So this eight ounces of butter goes in with the dry ingredients. And about right here where you would turn on your mixer. I use a Stand mixer on very low speeder. You can start right here just for about a minute or two, to break up some of your butter. he reason why you want your ingredients cold is because if they’re warm they’re going to all kind of come together really quickly. You want them to stay separate. You want to still have some butter chunks in there when you’re done so that that’s going to create a lot of the layering that you’re looking for. Let’s go for like about two minutes. So this is a commercial mixer, we also use Kitchen Aid, that’s what I always use at home, works really good. If you don’t have that you can also do it by hand. But the mixer’s just much quicker.
This is about what you’re looking for in your dry before you add the liquid. You can see that the flour looks like it’s taken on some moisture because some of the pieces have worked itself in. But there’s still a good amount of large chunks of butter. So you want to try and keep a lot of those in there, and I’ll show you why in a little while. So this goes back into the mixer and in the three, two, one recipe, the one is your ice water. And it’s about a cup. You don’t want to add all of it at once, because depending on the temperature of your flour and the humidity in the room, may take more, may take less. So I add the majority of it right now while the mixer’s off. And then one tip that other people will tell you to do is they’ll recommend about a teaspoon of cider vinegar. And what that does is it weakens the gluten which is what makes your dough stretchy and hold together. It weakens that so you’ll actually end up with a really soft dough that’s really easy to roll out and it gives you just a little bit of an acidic flavor. I usually don’t do that, only because it’s just one extra step and one extra ingredient. And it really doesn’t make a huge difference, unless you have a lot of trouble with rolling. So at this point I’ll just give it a few turns in the mixer. You want to be really careful not to over-mix your dough. So if it’s looking a little dry, add about a teaspoon of water at a time.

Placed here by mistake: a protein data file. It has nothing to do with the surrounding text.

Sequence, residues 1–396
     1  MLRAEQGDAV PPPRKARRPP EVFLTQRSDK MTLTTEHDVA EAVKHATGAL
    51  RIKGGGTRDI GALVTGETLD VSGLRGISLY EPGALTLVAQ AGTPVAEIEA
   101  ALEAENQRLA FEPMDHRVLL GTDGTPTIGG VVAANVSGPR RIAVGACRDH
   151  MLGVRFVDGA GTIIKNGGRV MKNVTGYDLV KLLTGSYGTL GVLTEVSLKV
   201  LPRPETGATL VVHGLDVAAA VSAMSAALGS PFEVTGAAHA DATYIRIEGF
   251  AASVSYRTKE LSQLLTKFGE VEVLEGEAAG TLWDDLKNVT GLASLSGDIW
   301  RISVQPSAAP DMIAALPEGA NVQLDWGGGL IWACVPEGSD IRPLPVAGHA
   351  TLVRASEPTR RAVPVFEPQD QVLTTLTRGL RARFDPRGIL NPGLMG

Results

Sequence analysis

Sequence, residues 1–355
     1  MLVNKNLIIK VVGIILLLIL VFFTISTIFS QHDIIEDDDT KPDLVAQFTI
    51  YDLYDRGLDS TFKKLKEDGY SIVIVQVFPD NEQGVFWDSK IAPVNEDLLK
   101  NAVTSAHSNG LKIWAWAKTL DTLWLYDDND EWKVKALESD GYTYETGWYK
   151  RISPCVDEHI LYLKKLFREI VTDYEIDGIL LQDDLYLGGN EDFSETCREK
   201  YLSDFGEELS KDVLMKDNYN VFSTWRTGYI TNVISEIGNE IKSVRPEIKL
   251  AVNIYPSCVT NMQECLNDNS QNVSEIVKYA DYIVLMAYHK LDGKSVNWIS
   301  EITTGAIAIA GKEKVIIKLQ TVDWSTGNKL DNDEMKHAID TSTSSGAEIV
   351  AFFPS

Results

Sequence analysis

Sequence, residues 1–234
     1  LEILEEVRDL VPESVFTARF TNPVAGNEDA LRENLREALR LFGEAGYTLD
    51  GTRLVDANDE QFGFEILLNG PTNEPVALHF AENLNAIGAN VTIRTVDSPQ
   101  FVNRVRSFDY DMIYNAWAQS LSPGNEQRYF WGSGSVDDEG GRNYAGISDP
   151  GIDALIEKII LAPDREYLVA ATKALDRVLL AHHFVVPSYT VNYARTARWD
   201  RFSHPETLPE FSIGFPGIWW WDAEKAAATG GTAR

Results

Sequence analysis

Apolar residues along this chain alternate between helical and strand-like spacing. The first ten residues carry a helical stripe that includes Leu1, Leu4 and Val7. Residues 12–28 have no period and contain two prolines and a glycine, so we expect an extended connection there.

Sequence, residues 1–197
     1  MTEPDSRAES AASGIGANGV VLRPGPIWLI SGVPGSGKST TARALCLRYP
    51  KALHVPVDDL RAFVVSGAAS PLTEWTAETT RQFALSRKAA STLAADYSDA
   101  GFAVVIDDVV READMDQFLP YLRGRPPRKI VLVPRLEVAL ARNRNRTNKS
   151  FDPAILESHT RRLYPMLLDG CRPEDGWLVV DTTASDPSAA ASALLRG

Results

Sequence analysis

This is about what you’re looking for. It’s not going to be completely mixed and incorporated. The reason why I didn’t want to do that by hand, if you mix it completely in the mixer, you’re going to tend to over-mix it, and so you finish everything by hand, you want to just lightly flour your working area, turn out your dough and you will have a lot of dry pieces there, that’s fine. And what you want to do, to finish mixing, rather than kneading your dough and squishing it together, you’re going to flatten it, get all your pieces, just flatten them and then fold it on itself. And what that does is the layers of butter kind of layer on top of each other and it’ll give you a really flaky crust. You don’t need it to be totally put together or one big mass, it’s going to feel a little loose still. This is about what you’re looking for. It’s still kind of loose, mostly put together and you’re going to still see some good sized pieces of butter, that’s what you want, because when it bakes, the liquid in the butter is going to evaporate and create layers between your dough. So at this point is when you would cover it and refrigerate it, probably for about an hour. And what that does is it rests the dough so that it’s easier to roll out and also helps it to keep its shape once you are ready to bake.
Now I’ll show you with a dough that I made earlier how to roll it. You want to flour your surface again. This is the dough that’s been resting for a couple of hours, so it’s ready. You’ll see, this one was cut so you can see how there’re layers of butter and you can see how you can … or you’ll be able to tell how flaky it will be. So you flour this and flour the top, and one tip I learned with rolling is you never want to move your body to roll things in a circle, always roll straight ahead of you and then if this needs to be turned, you turn the actual dough. That way you always guarantee that it’s not sticking on your surface. If you were to just leave it in one spot and keep rolling, you wouldn’t know if it was sticking and then by the time you were to lift it, it could be stuck and you could tear your dough. If you need more flour, you can put more flour on. So this is how the dough is going to look. You’re still going to see pretty good sized pieces of butter in there, which is good, that’s what you want.